Useful Terms in the MICE-Industry

  • A/V Contractor: Supplier of technical staff and audiovisual equipment (e.g. projectors, screens, sound systems, video, and staging).

  • A/V Request Form: Form given to speakers during the planning stages of an event to allow them to request the audiovisual equipment they will need for their presentations.

  • A/V Technician: An audiovisual professional who is responsible on-site for lighting, sound, video, staging or other similar elements of an event function.

  • Access Panel: Removable panel or section of exhibit to permit access to lamps, projectors, mechanisms, etc.

  • Accessorial Charges: Generally refers to air-freight shipments. Airfreight forwarders can provide many services generally not available from common carriers. In most cases, these charges are not included in the per-pound rate of the carriers. Services include, but are not limited to, inside pickups & deliveries, special pickups & deliveries (specific time of day), waiting time, etc.

  • ACME: Association for Convention Marketing Executives. ACME is an association that provides a cooperative liaison between convention center and bureau marketing executives who share mutual interests in advancing and benefiting the convention industry -- and their own destination.

  • Active Language: The language being used by the speaker.

  • ADME: Association of Destination Management Executives

  • Advance Registration: Booking before an event takes places. Allows attendees to register for an event before it actually takes place. Done through mail, phone, internet or fax. It is as same as PRE-REGISTRATION.

  • Advisory Board: group that offers advice or counsel to event organizer, event management, or other organization on strategic options such as conference content, exhibitor matters, contracting policies or other issues.

  • Airfreight Forwarder: An airfreight company that transports freight via scheduled airlines. Forwarders do not operate their own planes.

  • Aisle: Area between a booth/stand for audience traffic movement. 2) Space between sets of tables, chairs or a booth/stand to allow passage of attendees.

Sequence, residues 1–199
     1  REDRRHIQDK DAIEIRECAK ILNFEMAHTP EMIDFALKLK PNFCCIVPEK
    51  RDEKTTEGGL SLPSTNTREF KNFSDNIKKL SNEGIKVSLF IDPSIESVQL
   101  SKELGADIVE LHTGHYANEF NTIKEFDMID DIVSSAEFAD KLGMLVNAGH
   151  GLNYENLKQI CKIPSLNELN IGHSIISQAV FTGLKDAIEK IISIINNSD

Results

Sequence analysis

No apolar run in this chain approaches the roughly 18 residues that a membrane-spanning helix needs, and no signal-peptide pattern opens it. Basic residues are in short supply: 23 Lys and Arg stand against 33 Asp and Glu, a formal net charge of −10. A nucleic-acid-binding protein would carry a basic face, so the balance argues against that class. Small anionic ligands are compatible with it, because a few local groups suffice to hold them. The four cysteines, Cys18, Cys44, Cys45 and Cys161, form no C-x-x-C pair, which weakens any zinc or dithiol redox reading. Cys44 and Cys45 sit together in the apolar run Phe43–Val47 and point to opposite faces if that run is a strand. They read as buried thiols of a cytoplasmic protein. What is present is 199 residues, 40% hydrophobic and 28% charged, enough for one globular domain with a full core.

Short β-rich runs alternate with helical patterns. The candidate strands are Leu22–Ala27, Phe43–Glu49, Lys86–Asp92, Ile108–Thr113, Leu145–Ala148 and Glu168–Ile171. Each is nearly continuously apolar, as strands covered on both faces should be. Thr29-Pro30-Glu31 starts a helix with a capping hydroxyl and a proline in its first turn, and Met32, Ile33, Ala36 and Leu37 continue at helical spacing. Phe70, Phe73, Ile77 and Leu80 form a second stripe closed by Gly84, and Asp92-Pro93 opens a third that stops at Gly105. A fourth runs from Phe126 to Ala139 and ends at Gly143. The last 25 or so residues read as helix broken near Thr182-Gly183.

• Association: An organized group of individuals and/or companies who band together to accomplish a common purpose, usually to provide for the needs of its members. Usually nonprofit.

  • Association Booth/Stand: An exhibit booth/stand at which an association provides information about its purpose and services to members and prospective members.

  • ASTA: American Society of Travel Agents.

  • Bid Manual/Specifications: Written document issued by an organization which contains requirements and conditions for future events, and solicits proposals for needed services from venues and other service providers. Often also includes primary selection and decision procedures. Same as REQUEST FOR PROPOSAL (RFP).

  • Athletic Meeting: An event that involves sports or athletic equipment. Athletes, guests or attendees may be in competition or demonstration.

  • Auditorium Set-Up: Seating arrangement where chairs are arranged in rows facing head table, stage or speaker. Variations are semicircular and V-shaped. See THEATER SET-UP.

  • Backwall Booth/Stand: An exhibit that is back to back with another exhibit or against a building wall. See PERIMETER BOOTH/STAND.

  • Banquet Event Order BEO. A form most often used by hotels to provide details to personnel concerned with a specific food and beverage function or event room set-up.

  • Bare Booth/Stand: Booth/stand with no services or facilities, meaning that these all have to be hired at an additional cost

  • Bid: A Proposal submitted by a destination, a convention & visitors bureau or PCO to an event organizer that includes defined dates and room blocks.

  • Bid Document: The proposal, usually prepared in response to a request for proposals or sales lead, submitted by a destination or a facility, inviting an organization to hold its event n their venue.

  • Booth/Stand Contractor: Company which constructs or assembles exhibit booths/stands under contract with the organizing committee.

  • Booth/Stand Number: Number assigned by the event's management to designate each exhibitor's space.

  • Break-Even Point: The point at which revenues are equal to expenses.

  • Break-Out Rooms: Small function rooms set up for a group within an event as opposed to a plenary or general session.

  • Break-Out Sessions: Small group sessions, panels, workshops or presentations, offered concurrently within the event, formed to focus on specific subjects. The event is apart from the general session, but within the event format, formed to focus on specific subjects. These sessions can be arranged by basic, intermediate or advanced; or divided by interest areas or industry segment.

  • Capacity Control: Restriction on the number of seats available at a particular fare.

  • Certificate in Meeting Management (CMM): Certification program offered by Meeting Professionals International; global certification in meeting management that focuses on strategic thinking and actions for senior level meeting professionals

  • Certified Exhibition Manager(CEM): An exhibition management professional, as officially designated by the International Association of Exhibition Management.